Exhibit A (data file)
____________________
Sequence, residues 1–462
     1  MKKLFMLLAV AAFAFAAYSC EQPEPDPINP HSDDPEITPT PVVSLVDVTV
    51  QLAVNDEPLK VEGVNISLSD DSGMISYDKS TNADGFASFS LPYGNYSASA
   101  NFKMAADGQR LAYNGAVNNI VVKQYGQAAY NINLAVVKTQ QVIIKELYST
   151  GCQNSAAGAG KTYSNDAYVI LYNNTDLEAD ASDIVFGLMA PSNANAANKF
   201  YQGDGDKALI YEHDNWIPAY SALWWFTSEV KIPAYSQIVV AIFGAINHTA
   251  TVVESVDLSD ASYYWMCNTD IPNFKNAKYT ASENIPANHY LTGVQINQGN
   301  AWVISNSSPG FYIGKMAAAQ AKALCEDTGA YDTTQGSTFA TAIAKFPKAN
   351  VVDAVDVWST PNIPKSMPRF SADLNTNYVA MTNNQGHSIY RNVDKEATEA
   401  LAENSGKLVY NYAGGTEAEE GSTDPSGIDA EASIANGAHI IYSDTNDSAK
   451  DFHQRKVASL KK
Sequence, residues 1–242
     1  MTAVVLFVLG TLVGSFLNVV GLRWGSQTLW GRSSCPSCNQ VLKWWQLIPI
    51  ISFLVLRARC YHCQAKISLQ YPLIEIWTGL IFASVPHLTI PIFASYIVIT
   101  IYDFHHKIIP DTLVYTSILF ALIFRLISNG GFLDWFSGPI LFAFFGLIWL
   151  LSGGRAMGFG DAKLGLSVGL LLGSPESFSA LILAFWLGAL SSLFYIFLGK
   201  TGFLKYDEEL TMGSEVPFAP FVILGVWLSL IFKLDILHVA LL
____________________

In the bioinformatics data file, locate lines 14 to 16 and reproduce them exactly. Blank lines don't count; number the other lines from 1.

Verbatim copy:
    51  ISFLVLRARC YHCQAKISLQ YPLIEIWTGL IFASVPHLTI PIFASYIVIT
   101  IYDFHHKIIP DTLVYTSILF ALIFRLISNG GFLDWFSGPI LFAFFGLIWL
   151  LSGGRAMGFG DAKLGLSVGL LLGSPESFSA LILAFWLGAL SSLFYIFLGK